You can search all over the bookstore, and you are not going to find a single book that will teach you how to build computer viruses. And that's because viruses damage computers or cause problems. But, this book is not about that. This book is about pulling pranks and driving people nuts!!!!!

I haven't used the examples to build anything yet, but I've gotten a CD-ROM that the book references. And I've ran the software on my PC. The programs do exactly what you'd expect in a virus, except you can get rid of it without a problem.

There is also another book very similar, VB.NET Hacks & Pranks by Alexander Klimov that teaches you the same but with a different programming language.
7 of 8 people found the following review helpful
HASH(0x9433a4e0) out of 5 stars Another useless book from the ill-famous Russian copy-paster 28 Dec. 2005
By Vitaliy Titov - Published on
Format: Paperback
Another useless book from the ill-famous Russian copy-paster.

1) Author is not an expert in anything he writes about. His level of knowledge is close to one of a sophomore.

2) Book was unprofessionally translated from Russian, it's hard to read.

3) Morale and legal aspects of many pranks and tricks are questionable for an educated and law-obeying reader.
17 of 22 people found the following review helpful
HASH(0x9433a3a8) out of 5 stars This is a great book 15 Dec. 2004
By Hoang Tran - Published on
Format: Paperback
This is a great book all the examples are alot more interesting when compared to the many other programming books I have read. I think every C programmer must read it more than once, every single line is valuable.
11 of 14 people found the following review helpful
HASH(0x9433a834) out of 5 stars full of errors 31 July 2005
By Radu State - Published on
Format: Paperback
Do not buy this book. The positive reviewers do not have any other reviews on amazon -it really looks like self-reviewed by the author.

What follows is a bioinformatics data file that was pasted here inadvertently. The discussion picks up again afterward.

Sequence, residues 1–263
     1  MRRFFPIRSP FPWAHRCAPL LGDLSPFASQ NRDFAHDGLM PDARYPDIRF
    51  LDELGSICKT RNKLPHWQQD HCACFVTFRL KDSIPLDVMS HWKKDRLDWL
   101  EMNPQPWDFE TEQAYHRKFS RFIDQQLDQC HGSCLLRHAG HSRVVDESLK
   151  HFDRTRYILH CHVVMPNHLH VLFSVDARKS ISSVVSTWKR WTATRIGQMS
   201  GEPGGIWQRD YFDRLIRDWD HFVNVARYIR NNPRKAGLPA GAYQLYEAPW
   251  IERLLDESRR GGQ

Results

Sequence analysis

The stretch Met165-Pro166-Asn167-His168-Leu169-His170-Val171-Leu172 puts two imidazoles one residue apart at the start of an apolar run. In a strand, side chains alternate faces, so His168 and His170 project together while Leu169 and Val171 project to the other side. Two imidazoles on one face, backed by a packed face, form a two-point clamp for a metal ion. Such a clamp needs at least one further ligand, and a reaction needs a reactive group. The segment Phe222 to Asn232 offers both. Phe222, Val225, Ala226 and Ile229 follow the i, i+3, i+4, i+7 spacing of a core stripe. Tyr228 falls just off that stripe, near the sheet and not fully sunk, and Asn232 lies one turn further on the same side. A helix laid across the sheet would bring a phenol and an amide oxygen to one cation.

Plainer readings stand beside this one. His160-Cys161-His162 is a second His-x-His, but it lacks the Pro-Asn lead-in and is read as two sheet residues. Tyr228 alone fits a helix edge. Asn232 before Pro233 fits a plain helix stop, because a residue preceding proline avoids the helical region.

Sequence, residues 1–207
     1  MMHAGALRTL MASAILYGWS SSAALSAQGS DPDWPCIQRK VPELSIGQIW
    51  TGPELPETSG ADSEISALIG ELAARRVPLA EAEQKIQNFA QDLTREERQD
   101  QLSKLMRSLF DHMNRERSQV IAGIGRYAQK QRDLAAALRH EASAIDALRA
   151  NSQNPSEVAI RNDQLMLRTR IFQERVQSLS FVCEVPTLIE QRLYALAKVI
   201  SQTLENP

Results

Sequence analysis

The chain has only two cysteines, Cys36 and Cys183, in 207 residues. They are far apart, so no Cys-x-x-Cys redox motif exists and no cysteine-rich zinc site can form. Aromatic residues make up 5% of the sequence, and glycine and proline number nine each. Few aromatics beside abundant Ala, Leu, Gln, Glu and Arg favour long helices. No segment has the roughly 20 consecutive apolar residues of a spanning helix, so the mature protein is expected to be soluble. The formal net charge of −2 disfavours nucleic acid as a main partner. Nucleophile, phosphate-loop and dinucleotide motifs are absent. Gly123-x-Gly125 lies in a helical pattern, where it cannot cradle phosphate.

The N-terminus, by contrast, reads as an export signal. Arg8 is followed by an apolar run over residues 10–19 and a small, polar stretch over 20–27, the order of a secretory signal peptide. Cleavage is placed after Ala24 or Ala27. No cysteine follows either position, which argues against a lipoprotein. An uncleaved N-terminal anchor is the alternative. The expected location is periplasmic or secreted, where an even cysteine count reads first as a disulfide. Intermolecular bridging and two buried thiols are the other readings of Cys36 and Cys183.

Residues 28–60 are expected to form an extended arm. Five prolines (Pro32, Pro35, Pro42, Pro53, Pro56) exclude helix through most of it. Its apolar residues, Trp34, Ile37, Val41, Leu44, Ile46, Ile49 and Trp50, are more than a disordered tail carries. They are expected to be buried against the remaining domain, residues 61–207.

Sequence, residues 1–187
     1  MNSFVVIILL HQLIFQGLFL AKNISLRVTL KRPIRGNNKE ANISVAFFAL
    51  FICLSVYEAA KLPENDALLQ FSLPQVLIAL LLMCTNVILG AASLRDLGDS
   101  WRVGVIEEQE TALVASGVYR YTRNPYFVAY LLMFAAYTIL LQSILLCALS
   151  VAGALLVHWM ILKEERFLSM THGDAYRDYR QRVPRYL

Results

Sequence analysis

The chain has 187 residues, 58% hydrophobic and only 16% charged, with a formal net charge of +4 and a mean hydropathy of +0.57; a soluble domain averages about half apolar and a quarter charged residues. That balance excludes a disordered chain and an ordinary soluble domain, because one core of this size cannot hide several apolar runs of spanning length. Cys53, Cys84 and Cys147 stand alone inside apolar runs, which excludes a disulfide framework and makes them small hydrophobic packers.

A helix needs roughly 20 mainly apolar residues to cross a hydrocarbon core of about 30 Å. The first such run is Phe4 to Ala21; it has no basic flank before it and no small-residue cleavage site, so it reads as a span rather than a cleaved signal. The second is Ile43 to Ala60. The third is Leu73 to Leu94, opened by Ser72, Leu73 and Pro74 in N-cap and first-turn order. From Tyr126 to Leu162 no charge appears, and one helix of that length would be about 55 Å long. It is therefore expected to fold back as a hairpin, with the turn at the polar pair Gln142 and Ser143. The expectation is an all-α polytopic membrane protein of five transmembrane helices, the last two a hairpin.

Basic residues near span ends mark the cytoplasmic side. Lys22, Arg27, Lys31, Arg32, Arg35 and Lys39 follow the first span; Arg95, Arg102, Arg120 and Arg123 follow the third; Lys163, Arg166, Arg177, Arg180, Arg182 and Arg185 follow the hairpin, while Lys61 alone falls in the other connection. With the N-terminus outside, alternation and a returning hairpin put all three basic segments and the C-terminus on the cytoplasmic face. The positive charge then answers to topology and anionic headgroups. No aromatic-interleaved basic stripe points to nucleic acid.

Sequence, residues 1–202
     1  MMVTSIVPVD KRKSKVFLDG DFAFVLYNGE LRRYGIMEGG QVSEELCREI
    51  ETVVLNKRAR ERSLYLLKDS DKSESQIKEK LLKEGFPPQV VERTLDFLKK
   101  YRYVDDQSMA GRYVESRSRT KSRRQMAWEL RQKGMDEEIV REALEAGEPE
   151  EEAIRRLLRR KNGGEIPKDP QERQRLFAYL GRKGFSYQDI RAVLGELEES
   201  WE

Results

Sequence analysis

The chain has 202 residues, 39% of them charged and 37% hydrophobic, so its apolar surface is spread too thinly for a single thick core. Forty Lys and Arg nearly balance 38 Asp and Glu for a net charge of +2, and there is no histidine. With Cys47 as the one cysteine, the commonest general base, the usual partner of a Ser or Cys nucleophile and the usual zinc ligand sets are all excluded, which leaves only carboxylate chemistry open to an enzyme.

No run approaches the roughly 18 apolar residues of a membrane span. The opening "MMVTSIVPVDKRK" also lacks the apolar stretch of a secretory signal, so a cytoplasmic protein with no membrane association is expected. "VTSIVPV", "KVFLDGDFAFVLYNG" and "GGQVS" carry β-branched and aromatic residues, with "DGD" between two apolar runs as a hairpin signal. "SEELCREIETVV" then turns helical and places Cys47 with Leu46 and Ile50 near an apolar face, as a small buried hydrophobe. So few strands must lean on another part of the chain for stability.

I've read this book, its full of mistakes. For instance, the authors says that TCP works by sending packages -- no comments, but for everybody else (beside the author) TCP works with segments. The list of mistakes is way to long. You should also note, that whenever a negative review is posted, a positive review (written by reviewers with no other reviews on amazon) follows. This book is very poor and a waste of money and time.
5 of 6 people found the following review helpful
HASH(0x9433a9e4) out of 5 stars intriguing challenges 25 Sept. 2005
By W Boudville - Published on
Format: Paperback
The book offers an alternative viewpoint on programming C++ under Microsoft's operating systems. It deliberately eshews a sober tone, in presenting programming challenges. Like making a window of an arbitrary shape, like the profile of a person. We are so used to rectangular windows that this hack can be hilarious to try and show to others.

Flenov gives a chapter on networking hacks. Imagine writing a server that, with simple extensions, could reboot its machine upon prompt by an external signal that comes in over the net. Or the server might send out passwords, based on that signal. Such a program is malware; a Trojan. Now Flenov does not actually take you that far. But he shows enough that a capable reader could extrapolate the short steps to the Trojan.